And there Burns referred to an interesting precedent: A case from 1986 called Washington Post v. Soussoudis. In that case, the Post successfully argued that it had a right to access to information in a case that revealed the identities of active CIA operatives and assets in Ghana. Burns said that the Soussoudis ruling made it difficult to seal the proceeding without putting the reasons for the sealing on the record. Though he was inclined to do so, he said, "Unfortunately, the Washington Post case is almost right on point. It was a trade of spies. And the court still wasn't satisfied [redacted]."
That's the first indication that a spying case -- Michael Soussoudis, who pleaded guilty to espionage charges, was allowed to return to Ghana in exchange for the release of detained U.S. spies -- has any relevance to Kontogiannis. That's not to say it amounts to proof that Kontogiannis is a spy. But Burns seems to be referencing a factual as well as legal parallel here, which gives a clue as to the nature of the "investigation" Kontogiannis is involved in. As Laura Rozen highlights, Kontogiannis' lawyer, Gregory O'Connell, a former assistant U.S. attorney in New York, rejoindered, "The heightened concern in the context of counter-terrorism has given even greater compelling force to basis for seeking closure under the circumstances." He pointedly notes that Soussoudis is "a pre-9/11 decision." Ultimately the Court sealed the entire case until June; and the specific reasons for that sealing remain, well, sealed.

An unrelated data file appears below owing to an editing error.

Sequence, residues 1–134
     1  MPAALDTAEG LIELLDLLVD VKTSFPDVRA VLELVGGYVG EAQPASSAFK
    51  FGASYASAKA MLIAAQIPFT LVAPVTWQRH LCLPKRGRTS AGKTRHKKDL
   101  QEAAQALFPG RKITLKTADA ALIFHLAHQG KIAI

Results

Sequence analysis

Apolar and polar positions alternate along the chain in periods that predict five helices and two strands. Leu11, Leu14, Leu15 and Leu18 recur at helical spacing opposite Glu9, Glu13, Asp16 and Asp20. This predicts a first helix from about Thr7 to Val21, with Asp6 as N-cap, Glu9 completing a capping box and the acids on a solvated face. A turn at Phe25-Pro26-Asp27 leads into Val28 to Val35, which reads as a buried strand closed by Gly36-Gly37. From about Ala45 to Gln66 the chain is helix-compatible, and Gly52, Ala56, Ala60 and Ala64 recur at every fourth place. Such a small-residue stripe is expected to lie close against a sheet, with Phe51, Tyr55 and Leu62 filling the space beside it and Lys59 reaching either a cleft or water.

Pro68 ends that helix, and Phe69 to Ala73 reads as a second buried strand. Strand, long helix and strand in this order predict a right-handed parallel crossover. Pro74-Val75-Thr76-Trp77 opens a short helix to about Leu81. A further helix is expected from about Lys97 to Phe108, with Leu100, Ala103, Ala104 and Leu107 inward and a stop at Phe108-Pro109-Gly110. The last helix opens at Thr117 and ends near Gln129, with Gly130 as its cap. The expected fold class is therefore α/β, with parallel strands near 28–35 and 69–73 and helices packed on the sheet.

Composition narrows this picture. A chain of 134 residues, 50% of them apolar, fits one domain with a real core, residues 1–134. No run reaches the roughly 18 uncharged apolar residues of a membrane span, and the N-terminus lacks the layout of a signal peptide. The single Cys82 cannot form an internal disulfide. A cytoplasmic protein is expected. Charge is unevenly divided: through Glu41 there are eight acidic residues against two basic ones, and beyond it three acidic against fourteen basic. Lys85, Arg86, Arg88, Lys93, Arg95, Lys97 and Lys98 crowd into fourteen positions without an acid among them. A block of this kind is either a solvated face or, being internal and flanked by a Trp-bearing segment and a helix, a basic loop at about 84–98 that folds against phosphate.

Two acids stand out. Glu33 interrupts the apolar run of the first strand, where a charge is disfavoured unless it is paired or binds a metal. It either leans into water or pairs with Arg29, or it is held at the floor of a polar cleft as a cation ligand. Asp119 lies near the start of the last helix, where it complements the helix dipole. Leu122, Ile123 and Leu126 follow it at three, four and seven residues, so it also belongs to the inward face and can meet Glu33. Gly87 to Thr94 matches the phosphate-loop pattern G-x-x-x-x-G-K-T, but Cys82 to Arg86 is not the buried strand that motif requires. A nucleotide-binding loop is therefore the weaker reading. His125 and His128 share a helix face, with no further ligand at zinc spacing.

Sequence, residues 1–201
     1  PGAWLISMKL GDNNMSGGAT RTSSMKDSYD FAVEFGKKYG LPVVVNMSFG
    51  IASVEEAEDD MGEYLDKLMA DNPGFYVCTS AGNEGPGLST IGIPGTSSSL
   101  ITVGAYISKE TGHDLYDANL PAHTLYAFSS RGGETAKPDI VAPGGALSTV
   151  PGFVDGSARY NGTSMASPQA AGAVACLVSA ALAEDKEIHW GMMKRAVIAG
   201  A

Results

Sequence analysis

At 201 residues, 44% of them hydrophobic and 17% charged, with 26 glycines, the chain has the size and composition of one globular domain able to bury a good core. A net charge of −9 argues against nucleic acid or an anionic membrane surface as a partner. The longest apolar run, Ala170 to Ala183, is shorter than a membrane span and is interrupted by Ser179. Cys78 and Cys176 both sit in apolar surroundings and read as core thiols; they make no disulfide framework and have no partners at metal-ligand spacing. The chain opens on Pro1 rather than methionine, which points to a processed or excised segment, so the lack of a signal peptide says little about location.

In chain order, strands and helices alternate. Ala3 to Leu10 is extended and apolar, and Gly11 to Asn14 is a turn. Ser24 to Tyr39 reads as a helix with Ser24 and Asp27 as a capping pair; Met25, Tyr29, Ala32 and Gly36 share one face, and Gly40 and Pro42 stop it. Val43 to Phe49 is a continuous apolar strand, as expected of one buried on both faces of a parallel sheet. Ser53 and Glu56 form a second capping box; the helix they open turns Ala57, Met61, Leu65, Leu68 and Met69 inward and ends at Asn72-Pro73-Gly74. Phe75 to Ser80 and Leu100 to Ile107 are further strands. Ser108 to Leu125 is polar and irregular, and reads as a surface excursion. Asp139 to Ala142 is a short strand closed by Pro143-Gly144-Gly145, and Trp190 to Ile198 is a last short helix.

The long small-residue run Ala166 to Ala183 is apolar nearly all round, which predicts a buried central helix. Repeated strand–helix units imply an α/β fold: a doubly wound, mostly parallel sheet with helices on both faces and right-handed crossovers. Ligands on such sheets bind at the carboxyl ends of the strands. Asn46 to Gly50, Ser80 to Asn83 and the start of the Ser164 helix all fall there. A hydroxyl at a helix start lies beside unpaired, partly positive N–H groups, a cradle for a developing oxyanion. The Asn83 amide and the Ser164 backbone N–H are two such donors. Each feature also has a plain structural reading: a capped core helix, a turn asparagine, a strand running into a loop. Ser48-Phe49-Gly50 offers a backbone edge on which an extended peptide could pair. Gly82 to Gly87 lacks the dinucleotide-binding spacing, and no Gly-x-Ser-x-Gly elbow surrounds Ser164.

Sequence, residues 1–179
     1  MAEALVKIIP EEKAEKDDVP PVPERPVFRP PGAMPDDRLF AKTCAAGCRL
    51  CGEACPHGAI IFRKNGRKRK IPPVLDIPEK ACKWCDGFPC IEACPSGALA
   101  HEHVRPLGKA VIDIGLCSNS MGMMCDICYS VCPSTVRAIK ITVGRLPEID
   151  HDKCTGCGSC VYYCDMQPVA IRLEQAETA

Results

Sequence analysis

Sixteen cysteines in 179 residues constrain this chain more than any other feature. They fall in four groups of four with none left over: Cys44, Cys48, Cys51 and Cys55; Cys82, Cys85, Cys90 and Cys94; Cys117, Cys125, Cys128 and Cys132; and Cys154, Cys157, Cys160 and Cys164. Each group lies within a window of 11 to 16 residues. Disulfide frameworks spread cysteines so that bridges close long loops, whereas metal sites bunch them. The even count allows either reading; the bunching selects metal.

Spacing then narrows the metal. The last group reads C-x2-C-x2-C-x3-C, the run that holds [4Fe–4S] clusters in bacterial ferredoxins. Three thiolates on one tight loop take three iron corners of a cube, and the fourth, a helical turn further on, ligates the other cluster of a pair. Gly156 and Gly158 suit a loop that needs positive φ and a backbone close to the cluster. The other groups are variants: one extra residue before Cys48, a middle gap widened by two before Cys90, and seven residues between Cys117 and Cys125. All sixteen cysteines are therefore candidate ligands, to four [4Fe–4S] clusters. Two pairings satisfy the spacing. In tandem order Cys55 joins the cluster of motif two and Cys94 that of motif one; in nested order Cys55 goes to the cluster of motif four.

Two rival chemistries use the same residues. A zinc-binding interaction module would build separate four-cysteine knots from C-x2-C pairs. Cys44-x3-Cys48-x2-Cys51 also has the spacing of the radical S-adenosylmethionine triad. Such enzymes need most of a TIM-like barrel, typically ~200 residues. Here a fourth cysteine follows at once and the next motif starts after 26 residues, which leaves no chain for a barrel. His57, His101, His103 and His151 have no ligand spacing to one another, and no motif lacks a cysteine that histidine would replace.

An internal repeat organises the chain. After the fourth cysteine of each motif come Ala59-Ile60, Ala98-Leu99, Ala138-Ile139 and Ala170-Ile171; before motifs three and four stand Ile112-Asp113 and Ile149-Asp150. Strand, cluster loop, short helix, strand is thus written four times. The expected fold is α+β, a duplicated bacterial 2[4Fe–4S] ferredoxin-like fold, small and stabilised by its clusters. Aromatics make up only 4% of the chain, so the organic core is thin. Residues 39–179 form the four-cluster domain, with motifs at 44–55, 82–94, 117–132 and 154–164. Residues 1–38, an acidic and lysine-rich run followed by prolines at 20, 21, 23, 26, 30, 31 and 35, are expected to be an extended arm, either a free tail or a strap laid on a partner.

Laura floats the idea that Kontogiannis is an FBI asset "working as an informant on organized crime cases that, post 9/11, may have assumed some counterterrorism applications." That wouldn't exclude the idea that he has intelligence value, as well -- something Burns' comments have given reason to believe.